With two hits in four at-bats, Doug Fister has the highest wOBA on the Tigers. Miguel Cabrera checks in second at a cool .466 mark. Third place on the list is occupied not by Prince Fielder, but rather by Tuaisosopo at .435 (Fielder has a .390 wOBA and ranks fourth). Sure, Tuiasososopo has done it in just 75 plate appearances but with production like that, one has to wonder if he will start to eat into Andy Dirks’ playing time in left. Dirks edges Tuiasosopo in defense, but the Tigers aren’t known as a team that will keep a producing bat off the field for the sake of defense. Tuiasosopo doesn’t have an impressive minor-league résumé, with an average under .250 the past two seasons in Triple-A. But he has shown decent power, reaching 14 and 12 homers in those two years. His playing time is still too limited for mixed leagues, but I’d kick the tires on Tuiasosopo in AL-only leagues hoping the ride continues.
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The majority of Michael’s VP list turns over this week, but he’s got plenty of replacements lined up, including three who picked up their first home run of the year last week.
Statistically speaking, a single home run (like a single hit) is fairly meaningless. It’s the ultimate small sample, showing how one batter did against one pitcher (and one pitch) under one specific set of conditions. But psychologically speaking, when it’s the first home run of the season, it can mean so much more. The hitter feels confident in his swing or relieved at having gotten his first longball of the season out of the way, and it could mean a turnaround is coming. Look at Albert Pujols: in 27 plate appearances since his first jack of the season, he’s picked up 5 RBI—as many as he picked up in the 114 plate appearances before he finally went yard.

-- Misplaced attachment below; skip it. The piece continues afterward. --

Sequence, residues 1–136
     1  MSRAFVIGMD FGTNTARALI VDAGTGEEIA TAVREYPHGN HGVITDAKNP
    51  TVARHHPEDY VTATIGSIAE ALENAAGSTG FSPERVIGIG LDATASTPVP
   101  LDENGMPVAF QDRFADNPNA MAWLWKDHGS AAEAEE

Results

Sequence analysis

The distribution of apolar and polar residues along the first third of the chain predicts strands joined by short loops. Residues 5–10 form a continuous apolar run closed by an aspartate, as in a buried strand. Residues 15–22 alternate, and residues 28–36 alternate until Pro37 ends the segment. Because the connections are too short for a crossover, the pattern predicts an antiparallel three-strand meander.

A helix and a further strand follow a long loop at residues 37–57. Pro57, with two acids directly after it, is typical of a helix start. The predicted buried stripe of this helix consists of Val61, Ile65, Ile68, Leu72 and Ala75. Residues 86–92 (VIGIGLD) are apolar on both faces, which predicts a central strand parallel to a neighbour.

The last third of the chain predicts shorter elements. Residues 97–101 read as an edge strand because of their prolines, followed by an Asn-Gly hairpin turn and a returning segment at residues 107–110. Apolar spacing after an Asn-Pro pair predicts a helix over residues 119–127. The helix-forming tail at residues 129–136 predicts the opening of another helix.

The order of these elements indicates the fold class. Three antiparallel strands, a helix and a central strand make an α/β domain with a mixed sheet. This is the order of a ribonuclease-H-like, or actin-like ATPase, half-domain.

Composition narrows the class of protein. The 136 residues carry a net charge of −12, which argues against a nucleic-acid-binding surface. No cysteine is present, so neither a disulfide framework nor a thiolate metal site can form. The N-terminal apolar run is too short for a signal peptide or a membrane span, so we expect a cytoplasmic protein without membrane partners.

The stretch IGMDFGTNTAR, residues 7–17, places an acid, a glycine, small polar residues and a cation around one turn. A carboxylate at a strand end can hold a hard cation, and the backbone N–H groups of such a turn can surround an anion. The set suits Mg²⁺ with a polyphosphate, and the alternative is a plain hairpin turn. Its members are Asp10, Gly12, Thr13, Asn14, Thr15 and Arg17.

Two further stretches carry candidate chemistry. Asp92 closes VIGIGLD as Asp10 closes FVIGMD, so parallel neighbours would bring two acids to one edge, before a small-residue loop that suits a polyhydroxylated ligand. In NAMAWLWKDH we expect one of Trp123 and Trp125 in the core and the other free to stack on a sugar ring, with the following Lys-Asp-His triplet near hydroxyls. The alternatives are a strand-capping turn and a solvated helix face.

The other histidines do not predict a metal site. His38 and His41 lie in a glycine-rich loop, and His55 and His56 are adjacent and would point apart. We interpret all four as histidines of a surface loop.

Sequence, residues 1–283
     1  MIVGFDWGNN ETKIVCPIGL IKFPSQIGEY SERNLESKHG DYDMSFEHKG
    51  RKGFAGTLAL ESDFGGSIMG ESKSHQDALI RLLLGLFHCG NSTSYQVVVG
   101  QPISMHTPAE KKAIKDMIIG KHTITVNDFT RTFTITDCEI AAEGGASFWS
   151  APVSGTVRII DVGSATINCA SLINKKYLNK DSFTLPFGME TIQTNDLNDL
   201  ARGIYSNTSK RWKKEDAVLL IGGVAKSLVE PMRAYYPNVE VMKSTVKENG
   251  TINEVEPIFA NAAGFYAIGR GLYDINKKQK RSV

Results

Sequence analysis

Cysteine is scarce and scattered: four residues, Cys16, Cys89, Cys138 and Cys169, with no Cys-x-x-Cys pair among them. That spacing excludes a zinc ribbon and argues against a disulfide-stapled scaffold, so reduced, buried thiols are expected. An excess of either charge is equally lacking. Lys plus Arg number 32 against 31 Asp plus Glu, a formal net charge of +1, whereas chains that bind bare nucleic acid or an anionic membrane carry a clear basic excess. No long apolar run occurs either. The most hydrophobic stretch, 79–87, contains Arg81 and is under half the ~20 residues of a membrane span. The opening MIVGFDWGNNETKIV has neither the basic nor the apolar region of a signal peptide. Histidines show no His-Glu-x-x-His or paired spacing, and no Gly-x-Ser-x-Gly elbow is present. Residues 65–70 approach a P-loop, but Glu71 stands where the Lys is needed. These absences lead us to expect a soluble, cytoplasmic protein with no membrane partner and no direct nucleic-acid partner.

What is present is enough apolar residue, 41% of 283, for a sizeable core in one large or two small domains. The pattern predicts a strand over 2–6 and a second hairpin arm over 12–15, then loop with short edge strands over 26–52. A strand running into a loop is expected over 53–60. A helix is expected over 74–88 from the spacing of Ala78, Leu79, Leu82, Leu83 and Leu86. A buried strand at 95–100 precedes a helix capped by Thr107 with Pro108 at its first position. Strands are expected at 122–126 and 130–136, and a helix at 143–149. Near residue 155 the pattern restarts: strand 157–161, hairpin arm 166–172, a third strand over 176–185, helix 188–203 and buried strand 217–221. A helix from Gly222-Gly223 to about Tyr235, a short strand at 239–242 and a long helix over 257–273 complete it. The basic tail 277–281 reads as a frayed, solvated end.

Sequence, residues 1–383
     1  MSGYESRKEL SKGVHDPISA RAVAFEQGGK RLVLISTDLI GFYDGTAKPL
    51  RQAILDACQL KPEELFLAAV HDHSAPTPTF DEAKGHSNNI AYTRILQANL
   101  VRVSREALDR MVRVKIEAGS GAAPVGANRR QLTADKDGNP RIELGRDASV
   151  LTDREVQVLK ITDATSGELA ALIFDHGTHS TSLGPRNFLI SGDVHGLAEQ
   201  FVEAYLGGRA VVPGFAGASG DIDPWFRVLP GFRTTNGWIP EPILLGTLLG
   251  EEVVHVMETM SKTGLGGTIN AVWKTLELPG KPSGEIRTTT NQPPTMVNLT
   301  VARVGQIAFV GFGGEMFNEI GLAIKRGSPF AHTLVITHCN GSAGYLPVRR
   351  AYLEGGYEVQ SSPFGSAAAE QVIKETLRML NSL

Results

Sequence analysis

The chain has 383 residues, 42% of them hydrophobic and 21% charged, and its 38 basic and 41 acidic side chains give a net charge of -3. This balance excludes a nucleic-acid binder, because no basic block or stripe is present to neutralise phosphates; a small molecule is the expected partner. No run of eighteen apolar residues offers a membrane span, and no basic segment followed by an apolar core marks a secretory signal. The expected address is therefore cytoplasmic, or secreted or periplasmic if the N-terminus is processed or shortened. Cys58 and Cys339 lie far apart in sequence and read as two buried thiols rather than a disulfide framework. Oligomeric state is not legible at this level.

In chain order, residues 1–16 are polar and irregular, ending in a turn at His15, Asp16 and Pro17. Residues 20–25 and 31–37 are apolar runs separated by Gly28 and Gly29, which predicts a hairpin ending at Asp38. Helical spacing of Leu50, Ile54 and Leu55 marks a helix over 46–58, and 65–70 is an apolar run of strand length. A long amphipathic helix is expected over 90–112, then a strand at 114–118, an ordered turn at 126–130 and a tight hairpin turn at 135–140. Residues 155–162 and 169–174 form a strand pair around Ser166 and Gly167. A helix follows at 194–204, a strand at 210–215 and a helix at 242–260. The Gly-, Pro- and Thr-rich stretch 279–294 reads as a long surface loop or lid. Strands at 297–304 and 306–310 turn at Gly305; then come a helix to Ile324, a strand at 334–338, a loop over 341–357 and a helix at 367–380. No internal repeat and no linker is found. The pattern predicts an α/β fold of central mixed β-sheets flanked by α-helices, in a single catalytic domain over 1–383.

Looking for a replacement for your injured third baseman? Michael looks at plenty of hot-corner options this week, especially in Playing Pepper.
As Jason Collette and Paul Sporer covered in BP’s Towers of Power Fantasy Hour podcast this week, four front-line third-base qualifiers—Evan Longoria, Mat Gamel, Kevin Youkilis, and Pablo Sandoval—hit the DL this past week, leaving fantasy owners scrambling at an already-thin position. While many of the replacement players are marginal, sometimes a warm body is all you need to keep your fantasy squad afloat until more help arrives via an early-season callup. I’ll examine a few of those hot corner replacement options in this week’s column.
Michael looks at the fate of several first-round draft picks at the corner infield spots in Colorado, Minnesota, and San Diego, and peeks at some Spring Training stats in Playing Pepper.
If you need further confirmation of how difficult baseball is, compare its amateur draft to those of football or basketball, where first-round picks generally go onto success and top-pick busts like Sam Bowie or Ricky Williams make headlines. Baseball’s draft history, on the other hand, is littered with first-round failures and late-round successes. Some first-round picks eventually help their clubs but not always at the position where they were drafted. This week’s Value Picks looks at several Spring Training storylines surrounding former first-round draft picks and whether there’s any fantasy value to be found there.
One slugger arrives as another departs Michael's Value Picks list, where third basemen, late-season call-ups, and keeper options abound
Owners go two different directions in the final weeks of the season (actually, three, if you count those who are now obsessed with fantasy football, but they’re unlikely to be BP readers). One, they can throw in the towel and look to the future in keeper leagues; two, they can press on and try to finish in the money. You’ll find players for both directions in this week’s Value Picks list.